At the end of each month the AppleVis Editorial Team take a look at all of the apps which have been posted to the site during that month - either for the first time or where there has been a significant update - and decide which of these we think is the most noteworthy.
Looking at the list of apps which we had to choose from this past month, you can only conclude that developers are either busy preparing for the release of iOS 7 or are simply enjoying summer vacations, as we weren't exactly spoiled for choice - new apps were mostly uninspiring, whilst updates were generally minor.
Fortunately, one significant exception was Ariadne GPS, which saw a rather major update hit the App Store in August.
There's a good probability that you are already aware of Ariadne GPS, as it's an app that many blind users will have in their toolbox of iOS navigation apps. Besides letting you know your current position, Ariadne lets you use your fingers to explore the map and find out what's around you - just put your finger on the screen of your iOS device and as you move your finger across the map VoiceOver will tell you what street you are touching.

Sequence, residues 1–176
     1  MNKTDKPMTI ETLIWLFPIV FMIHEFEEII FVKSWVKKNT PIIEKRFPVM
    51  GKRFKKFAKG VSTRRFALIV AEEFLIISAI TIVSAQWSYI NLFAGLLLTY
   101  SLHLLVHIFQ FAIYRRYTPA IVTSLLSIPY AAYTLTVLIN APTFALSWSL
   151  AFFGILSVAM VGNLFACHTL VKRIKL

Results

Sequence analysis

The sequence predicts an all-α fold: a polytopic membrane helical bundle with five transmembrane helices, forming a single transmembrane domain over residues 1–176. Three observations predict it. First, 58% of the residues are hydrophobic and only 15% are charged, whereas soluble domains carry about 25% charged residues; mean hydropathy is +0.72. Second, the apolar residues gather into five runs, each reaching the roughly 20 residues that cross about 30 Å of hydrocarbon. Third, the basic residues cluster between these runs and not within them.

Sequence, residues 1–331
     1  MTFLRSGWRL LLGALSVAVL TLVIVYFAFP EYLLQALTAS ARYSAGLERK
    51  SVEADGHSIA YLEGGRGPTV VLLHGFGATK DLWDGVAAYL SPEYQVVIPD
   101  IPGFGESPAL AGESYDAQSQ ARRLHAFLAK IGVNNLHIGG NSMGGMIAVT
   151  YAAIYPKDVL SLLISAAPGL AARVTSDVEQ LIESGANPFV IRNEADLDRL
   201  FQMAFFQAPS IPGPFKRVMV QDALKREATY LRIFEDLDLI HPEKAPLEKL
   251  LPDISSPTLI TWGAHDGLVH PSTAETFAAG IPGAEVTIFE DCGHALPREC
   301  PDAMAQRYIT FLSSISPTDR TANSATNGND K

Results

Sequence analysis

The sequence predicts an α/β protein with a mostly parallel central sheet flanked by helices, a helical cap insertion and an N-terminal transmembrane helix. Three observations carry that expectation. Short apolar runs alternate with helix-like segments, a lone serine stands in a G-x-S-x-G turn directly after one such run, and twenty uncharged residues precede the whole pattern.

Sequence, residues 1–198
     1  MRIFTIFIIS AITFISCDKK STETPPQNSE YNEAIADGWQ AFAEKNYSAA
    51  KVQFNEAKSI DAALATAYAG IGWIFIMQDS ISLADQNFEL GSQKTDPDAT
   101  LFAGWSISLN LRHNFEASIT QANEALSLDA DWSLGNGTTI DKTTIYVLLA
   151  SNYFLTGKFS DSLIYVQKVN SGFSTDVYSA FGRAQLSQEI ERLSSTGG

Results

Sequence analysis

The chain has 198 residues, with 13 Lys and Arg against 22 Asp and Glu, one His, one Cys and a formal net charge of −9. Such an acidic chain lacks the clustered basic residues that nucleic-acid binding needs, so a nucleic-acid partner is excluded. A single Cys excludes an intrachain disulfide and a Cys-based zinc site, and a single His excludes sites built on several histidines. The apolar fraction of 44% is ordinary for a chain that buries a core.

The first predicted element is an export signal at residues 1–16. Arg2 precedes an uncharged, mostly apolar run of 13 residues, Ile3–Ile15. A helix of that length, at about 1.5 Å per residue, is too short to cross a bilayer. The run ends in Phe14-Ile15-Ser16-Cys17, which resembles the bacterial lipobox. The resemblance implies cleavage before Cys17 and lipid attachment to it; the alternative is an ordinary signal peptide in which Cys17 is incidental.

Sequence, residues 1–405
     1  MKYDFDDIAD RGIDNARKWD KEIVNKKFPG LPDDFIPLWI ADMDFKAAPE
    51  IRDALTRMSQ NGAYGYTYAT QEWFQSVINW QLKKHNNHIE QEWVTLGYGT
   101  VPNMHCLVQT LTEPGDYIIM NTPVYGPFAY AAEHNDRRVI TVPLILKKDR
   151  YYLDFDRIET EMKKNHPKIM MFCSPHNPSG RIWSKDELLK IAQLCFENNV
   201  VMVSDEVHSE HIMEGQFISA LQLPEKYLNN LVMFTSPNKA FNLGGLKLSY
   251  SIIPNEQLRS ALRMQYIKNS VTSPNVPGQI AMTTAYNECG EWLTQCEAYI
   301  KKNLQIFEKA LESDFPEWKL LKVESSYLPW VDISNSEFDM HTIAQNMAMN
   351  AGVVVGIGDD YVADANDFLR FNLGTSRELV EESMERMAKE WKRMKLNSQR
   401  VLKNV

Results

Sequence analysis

If you are planning a trip to somewhere that you are not familiar with, this feature - essentially a talking map - provides a great way to familiarize yourself with the area ahead of time. Just tell Ariadne where you are going, and let your fingers explore the area.
You can ask for information about your current position at any time or the app can be configured to periodically announce this information as you walk or travel. If you add your favorite locations to the app's database, you can be alerted when you get closer than a certain distance to one of these.
Ariadne is a great tool for the blind, and version 4.0 has only made it better. For that reason, it had to be our pick for August.
Another app that we thought noteworthy was Instabrowser, an app that claims to be the fastest web browser for the iPhone.
Inspired by read-it-later apps like Instapaper and Readability, Instabrowser lets you 'read-it-now' by downloading just the HTML of a page and mobilizing it into a clean, one-column layout. The developers claim that this can cut data usage and load times by 90% or more, and is great for when you're on a slow 3G connection or viewing a webpage that doesn't have a mobile layout. It doesn't work with all web sites, so it's not a complete replacement for Safari, but it's an interesting and well-implemented idea,
The third and final app that we thought worthy of a mention is Team Stream - simply pick the sports teams that you are interested in and you will receive real-time streams of news and alerts from all the best sources across the web – local papers, national websites, blogs, Twitter, & Bleacher Report.
Team Stream had already been fairly accessible, but the release of version 2.8 has explicitly addressed the previous problems and made this app a great choice for blind sports fans.
As always, we would love to hear of any apps that you think we have overlooked, so do please post a comment below to share your own personal picks or your thoughts on our choices.